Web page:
Nearly four in 10 US HIV infections from people unaware of infection

This electron microscope image made available by the U.S. National Institutes of Health shows a human T cell, in blue, under attack by HIV, in yellow, the virus that causes AIDS. (AP)
Updated 19 March 2019

Nearly four in 10 US HIV infections from people unaware of infection

  • The Trump administration has said it will invest $291 million in the next financial year to fight HIV/AIDS, which has plateaued since 2013 to around 39,000 annual transmissions

WASHINGTON: Almost 40 percent of new HIV cases in the US occur because people do not know they are infected, while a similar proportion know but are not in treatment, according to a study released Monday.
The report by the Centers for Disease Control and Prevention (CDC) is based on 2016 data and aims to bolster a strategy outlined by President Donald Trump to end the epidemic within 10 years.
The strategy has two main strands: far more widespread screening, and enabling the infected better access to treatment from the moment they test positive.
The study found that 38 percent of infections came from HIV-positive people who were unaware of their status, and 43 percent from people who knew they were infected but took no anti-retroviral drugs.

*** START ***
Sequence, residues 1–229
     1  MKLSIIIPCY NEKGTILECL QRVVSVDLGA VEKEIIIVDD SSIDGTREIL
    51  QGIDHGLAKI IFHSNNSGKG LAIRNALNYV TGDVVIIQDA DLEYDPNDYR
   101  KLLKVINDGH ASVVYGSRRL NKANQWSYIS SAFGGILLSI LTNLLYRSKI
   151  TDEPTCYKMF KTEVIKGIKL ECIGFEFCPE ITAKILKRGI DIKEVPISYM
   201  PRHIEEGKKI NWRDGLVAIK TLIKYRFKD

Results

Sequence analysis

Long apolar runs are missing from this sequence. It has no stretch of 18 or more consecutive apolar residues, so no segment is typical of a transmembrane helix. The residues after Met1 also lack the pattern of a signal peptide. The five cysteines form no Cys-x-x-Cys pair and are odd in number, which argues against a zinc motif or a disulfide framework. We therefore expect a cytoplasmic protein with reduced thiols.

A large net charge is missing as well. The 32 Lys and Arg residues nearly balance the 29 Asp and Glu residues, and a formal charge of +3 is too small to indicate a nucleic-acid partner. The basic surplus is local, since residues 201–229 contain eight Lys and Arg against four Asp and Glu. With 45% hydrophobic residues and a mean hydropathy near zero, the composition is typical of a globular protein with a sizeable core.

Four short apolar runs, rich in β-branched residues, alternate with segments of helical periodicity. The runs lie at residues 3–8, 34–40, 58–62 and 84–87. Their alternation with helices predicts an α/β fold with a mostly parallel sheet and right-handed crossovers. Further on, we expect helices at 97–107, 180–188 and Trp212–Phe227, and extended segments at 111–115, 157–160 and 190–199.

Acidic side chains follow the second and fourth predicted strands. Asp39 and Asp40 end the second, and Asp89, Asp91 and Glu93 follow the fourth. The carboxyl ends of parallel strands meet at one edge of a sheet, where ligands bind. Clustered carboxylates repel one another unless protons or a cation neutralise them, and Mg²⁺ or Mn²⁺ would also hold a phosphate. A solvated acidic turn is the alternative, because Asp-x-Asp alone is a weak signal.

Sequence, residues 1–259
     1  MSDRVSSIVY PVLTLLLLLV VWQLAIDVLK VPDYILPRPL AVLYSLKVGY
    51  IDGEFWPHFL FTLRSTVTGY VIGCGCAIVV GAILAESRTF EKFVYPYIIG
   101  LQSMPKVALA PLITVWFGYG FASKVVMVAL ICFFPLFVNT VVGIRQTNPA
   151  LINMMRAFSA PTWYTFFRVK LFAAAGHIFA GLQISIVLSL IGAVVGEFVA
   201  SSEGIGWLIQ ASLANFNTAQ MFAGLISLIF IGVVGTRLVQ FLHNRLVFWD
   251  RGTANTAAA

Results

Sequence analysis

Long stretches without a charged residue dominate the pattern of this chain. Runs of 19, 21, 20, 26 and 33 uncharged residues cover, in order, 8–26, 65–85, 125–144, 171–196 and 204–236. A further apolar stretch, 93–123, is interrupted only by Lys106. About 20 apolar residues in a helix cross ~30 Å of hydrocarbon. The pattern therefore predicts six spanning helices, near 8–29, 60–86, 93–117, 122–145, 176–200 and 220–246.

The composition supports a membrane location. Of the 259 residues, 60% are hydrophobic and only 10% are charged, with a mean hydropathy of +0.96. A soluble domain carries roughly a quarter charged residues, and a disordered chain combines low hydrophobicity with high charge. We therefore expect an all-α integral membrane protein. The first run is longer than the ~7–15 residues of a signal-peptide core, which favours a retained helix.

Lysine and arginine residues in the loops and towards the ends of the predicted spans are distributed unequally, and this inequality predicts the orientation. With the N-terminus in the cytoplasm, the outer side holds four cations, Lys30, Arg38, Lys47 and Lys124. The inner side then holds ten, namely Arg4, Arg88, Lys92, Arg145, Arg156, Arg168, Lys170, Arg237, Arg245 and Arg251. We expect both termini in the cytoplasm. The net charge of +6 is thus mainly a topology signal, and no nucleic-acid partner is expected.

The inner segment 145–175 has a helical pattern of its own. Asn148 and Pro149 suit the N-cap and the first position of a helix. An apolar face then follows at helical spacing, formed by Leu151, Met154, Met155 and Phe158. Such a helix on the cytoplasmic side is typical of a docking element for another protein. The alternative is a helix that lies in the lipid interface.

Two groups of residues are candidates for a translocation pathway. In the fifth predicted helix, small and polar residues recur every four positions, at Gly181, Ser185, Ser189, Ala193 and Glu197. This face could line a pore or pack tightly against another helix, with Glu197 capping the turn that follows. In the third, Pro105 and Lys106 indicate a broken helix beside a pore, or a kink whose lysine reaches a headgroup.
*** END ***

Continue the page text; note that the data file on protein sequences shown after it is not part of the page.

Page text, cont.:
The remaining infections came from people who were receiving HIV treatment but were not yet “virally suppressed.”
The CDC blamed financial, social and other reasons for people not using medication, which these days typically comes in the form of a daily pill with minimal side effects.
The study said that the infection rate from the half million people in the United States who take medication and are virally suppressed — meaning they cannot pass on the disease to others — was zero.

The most at-risk group remains homosexual men, with almost three-quarters of new infections coming from men having sex with men, the report said.